Content: (please note that content portions of a review may contain spoilers)
UFO Ultramaiden Valkyrie doesn't break any real new ground with this set of episodes that brings us through the midway point of the short series. What it does do is continue on in a way that will please most fans while still bringing in a bit more of an overall plot that's likely to be more important in the next final volume of this season. The more I see of it though the more I realize that Kaishaku's material just isn't for me for the most part.

The new plot that's brought in to try and give this second season something to revolve around is one that deals with an apparition of sorts. While walking about town, Kazuto comes across a woman who looks very much like Valkyrie does but seems to have a bit more of a serious look about her. Part of this is accented by the way she acts but also in how she dresses. Similar to Valkyrie's clothes in design, they're much darker in color and give the obvious impression of a "Dark Valkyrie" to work with. She doesn't try to pretend to be Valkyrie however and just smiles warmly with Kazuto, easing his guard until he doesn't really realize that she's essentially reducing him to a thrall.

Though the first episode is given over to this concept which has some of the other girls trying to figure out what this Valkyrie Ghost woman is all about, she's absent for a bit afterwards and returning only in the fourth one. This time though she's coming to Sanada during a whiteout event on a mountain named after cats that all the girls and catgirl maids went to. When Sanada is separated from Valkyrie while up there, she goes into a panic over it and starts to see things in the snow. The Valkyrie Ghost is able to take advantage of her during this and lull her quite a bit since Sanada is so needy when it comes to her master. Little is really given as to what this is all about. It's been so short outside of the opening episode on this volume about it that it doesn't have a lot of depth to it but more of an attempt to just show there's something bigger going on.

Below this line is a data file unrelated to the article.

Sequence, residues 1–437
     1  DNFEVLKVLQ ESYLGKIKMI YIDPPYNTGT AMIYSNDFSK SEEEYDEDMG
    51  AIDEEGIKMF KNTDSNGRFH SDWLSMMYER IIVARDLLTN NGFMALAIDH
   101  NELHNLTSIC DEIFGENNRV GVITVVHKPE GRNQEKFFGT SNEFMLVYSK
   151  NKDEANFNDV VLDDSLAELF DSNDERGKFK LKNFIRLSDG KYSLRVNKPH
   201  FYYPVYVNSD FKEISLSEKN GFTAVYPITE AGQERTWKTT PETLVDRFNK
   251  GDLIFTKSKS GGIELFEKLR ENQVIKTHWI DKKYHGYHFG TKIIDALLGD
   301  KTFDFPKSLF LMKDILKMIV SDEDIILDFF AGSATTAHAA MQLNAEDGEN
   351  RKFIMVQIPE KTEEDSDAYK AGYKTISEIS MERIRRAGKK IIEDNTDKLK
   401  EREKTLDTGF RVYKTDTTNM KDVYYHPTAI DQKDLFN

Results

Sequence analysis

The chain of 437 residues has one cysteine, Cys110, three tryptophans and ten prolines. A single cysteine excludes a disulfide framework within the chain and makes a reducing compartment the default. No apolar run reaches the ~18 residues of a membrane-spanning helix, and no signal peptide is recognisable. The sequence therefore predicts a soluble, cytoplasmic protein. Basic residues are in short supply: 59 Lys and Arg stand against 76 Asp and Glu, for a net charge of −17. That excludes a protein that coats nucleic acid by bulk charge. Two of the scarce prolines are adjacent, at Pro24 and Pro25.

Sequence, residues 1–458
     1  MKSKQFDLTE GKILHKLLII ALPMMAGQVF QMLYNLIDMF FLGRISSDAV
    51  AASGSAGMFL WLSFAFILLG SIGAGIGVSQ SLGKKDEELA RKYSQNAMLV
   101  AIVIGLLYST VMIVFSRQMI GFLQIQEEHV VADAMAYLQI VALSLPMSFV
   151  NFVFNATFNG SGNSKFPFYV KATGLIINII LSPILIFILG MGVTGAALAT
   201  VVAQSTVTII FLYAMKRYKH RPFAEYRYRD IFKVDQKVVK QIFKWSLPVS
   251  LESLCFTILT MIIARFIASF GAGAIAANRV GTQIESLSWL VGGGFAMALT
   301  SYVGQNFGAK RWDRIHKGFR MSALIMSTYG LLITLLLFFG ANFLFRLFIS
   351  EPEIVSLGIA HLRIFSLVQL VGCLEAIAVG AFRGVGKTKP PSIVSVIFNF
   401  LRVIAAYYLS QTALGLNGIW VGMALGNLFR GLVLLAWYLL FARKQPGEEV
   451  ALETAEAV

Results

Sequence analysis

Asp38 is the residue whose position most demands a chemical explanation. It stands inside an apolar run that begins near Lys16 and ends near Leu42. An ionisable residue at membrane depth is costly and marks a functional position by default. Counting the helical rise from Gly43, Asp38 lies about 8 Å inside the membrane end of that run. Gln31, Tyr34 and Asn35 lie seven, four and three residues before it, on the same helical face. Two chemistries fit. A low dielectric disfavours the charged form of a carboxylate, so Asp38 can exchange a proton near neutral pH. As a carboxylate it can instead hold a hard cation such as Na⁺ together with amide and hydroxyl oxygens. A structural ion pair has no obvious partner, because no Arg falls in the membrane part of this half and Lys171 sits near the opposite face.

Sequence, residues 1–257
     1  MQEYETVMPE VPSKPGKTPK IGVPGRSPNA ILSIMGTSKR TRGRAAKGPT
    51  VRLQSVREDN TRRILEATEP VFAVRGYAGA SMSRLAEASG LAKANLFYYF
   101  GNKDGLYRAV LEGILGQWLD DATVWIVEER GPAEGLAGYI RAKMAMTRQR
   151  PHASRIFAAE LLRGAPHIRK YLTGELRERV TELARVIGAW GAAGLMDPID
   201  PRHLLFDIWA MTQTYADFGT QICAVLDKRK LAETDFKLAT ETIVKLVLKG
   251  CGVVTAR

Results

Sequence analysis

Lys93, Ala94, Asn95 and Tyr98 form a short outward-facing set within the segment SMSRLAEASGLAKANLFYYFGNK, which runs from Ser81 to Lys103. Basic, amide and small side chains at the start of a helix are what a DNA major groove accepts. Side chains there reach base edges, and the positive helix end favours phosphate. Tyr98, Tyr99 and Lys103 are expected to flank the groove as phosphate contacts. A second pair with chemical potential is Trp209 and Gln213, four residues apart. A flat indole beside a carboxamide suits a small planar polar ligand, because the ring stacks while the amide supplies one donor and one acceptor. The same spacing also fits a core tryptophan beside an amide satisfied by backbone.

The rest of the episodes are given over to the basic group comedy that shows like this do well, particularly if you haven't seen a lot like this over the years. One of the storylines has Mehm coming for a visit and she's brought some alien material with her that will cause trouble. Through very telegraphed events, everyone is turned young except for Valkyrie who now has to act as a single mother of sorts for a few days. The main cast turns into little kids, Chorus into a baby but Mehm just goes back to her teenage years. This was one of the better moments since it allowed her to go socialize a bit as a non-royal and see what the real world is like.

The one episode that was completely obvious in its intent was the one that bothered me the most. The gang decides to enter a new local singing contest since the prize involves some super duper alien 50.1 home theater system. Simple enough setup since the entire idea is to let the singing voice actresses have a chance to show their talent off a bit more plus provide more sales for expanded versions on CD. Each of them has their own style to work with, though poor Akina is the worst of them all, and through the songs done on stage they're able to pass the show pretty quickly. The last song by Valkyrie in adult form is definitely a good one though and worth checking out, but the episode is the epitome of filler material with an obvious merchandising angle.

In Summary:
Though the fans of the show keep telling me it gets better with the second season, I'm still not seeing it here. There are a few sparks of interest on occasion but for the most part it's leaving me feeling empty like a few other Kaishaku shows. Everything is very competently done here and by the numbers, which means it's highly accessible to new fans who haven't seen all of this before, so it has plenty of appeal there. The best moments of the show for me still tend to come when we get away from the two leads a bit and focus more on the secondary characters. This set of episodes does that a bit but also tries to bring in an overall plot as well that will likely take up a good deal of the next volume. Maybe the third season is the charm?

Features
Japanese 2.0 Language,English 2.0 Language,English Subtitles,Valkyrie World Notes,Anime Encounters,Video jukeboxes,Messages for the Seiyuu,Clean opening animation,Clean closing animation

Review Equipment
Panasonic PT50LC13 50" LCD RP HDTV, Panasonic DMP-BD10 Blu-ray player via DVI set to 1080i, Sony STR-DE835 DD/DTS receiver, Monster component cable and Panasonic SB-TP20S Multi-Channel Speaker System With 100-Watt Subwoofer.